A week after the Republican election “wave” saw GOP capture the Senate, expand its majority in the House to levels not seen since the 1940s, expand its control of governorships, and attain a level of power within the state legislatures not seen since the 1920s, a big question is still being tossed around by pundits, political operatives and investors: What does it all mean?
Some believe the election was a repudiation of President Obama's leadership style as well as Democratic policies. Before the election, Obama himself had said his “policies are on the ballot,” as numerous campaign ads pointed out. Yet after the midterms, Obama tried to control the damage by saying he interpreted the results as a vote against the gridlock and partisanship we've seen over the last few years.
Others on the left go further, saying that Democratic policies such as marijuana and the minimum wage won despite the GOP's gains, and that voters — the ones that turned out — just didn't give Obama credit for the economic gains we've seen. These include an unemployment rate that has now fallen to 5.8 percent — a level not seen since the summer of 2008, as well as a stock market pushing to record highs and the best run of payroll creation since the dotcom boom.
The problem is that beneath these shiny headline numbers is the down-in-the-dirt truth that Middle America is still hurting. Apologies to James Carville, but it’s still the economy, stupid. Let's look at some major elements of the “recovery” to date:
Yes, U.S. large-cap stocks have never been higher, thanks mainly to the injections of cheap money by the Federal Reserve. And that has unarguably boosted household wealth in this country. The problem is that wealth is increasingly concentrated among the top 1 percent while everyone else looks enviously in on the action.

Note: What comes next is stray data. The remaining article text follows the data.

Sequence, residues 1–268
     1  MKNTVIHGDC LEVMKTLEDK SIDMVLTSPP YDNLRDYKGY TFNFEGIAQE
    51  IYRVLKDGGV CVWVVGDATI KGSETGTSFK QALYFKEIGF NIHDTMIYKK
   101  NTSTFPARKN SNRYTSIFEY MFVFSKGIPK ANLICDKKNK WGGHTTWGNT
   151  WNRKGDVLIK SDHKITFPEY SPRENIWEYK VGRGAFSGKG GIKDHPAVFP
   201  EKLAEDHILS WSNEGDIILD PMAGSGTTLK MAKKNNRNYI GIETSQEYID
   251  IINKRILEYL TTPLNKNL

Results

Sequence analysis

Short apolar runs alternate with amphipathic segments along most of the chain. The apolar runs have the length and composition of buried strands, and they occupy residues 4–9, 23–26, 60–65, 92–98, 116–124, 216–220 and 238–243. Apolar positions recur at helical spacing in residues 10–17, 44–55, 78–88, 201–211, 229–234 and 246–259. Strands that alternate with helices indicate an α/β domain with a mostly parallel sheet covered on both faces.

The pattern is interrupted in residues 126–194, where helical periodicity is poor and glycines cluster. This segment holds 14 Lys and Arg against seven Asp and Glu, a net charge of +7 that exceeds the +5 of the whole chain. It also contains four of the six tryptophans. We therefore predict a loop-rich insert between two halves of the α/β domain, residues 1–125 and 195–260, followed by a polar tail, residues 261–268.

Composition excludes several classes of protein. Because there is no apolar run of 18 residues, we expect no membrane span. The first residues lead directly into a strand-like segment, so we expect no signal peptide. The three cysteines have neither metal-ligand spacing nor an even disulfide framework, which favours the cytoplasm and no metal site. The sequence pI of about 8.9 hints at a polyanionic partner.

According to the latest Federal Reserve Survey of Consumer Finances, the average value of financial assets held by those in the middle 20 percent in term of income was $78,300 (vs. $1,616,000 for the top 10 percent in terms of income). So the benefits of the rise in the Dow has been concentrated at the top, a problem that Fed Chair Janet Yellen herself has commented on.
It is true there has been great progress in bringing down the unemployment rate. In fact, it's falling faster than many envisioned, nearly hitting the Fed's year-end 2015 forecast of 5.4 percent to 5.6 percent almost a year ahead of schedule. But what's missing in this has been the collapse in the civilian labor force participation rate to levels not seen since 1978 as people have dropped out of the job market. There are many reasons for this, including apathy, obsolete or inadequate skills, and old age.
Yet the end result is the same: Not only are 3 million fewer Americans working full time than in 2007, but as a share of the population, full-time employment is languishing down near early 1980s levels.
While recent payroll gains have been strong, totaling an average of 240,000 per month in the five months to October, with another 214,000 gained last month, this is masking the fact that many of the job gains are of relatively low quality, such as bar and restaurant jobs. You know things aren't good when the prices of vices like prostitution, drugs, gambling, and alcohol are on the way down.
The easiest and quickest way to realize that Obama's economic recovery hasn't benefited middle-class families as much as the headline economic figures suggest is to simply look at the chart of inflation-adjusted median household income. This is arguably the single most important economic indicator and really sums up the on-the-ground reality for working families. Yes, stocks are up. Yes, unemployment is down. Yes, jobs are being created. And yes, oil prices have come down too.
None of this really matters unless it all can combine to lift wages and lower the cost of living. Right now, incomes are down nearly 9 percent from their highs in the late 1990s and have fallen about 4 percent since Obama took office.
Until this measure improves, the electorate will be restless.
There is some evidence that a turnaround could be coming soon. In a recent column, I outlined the growing evidence that a surge of wage inflation could be on the horizon. This assumes that the economic momentum that we've seen in recent years continues. The unemployment rate has dropped down to level that, in the recent past, have been associated with a pickup in the pace of wage gains.
My hope is that Obama and the Republicans in Congress can keep the momentum going by removing regulatory roadblocks to hiring — such as the full-time provisions of Obamacare and extending tax breaks to small businesses expanding their workforces — to help facilitate this. The worst of all outcomes would be the return of bitter partisan gridlock, a loss of economic confidence, and the stalling of job gains just as Americans were about to enjoy a lift in take-home pay for the first time in years.
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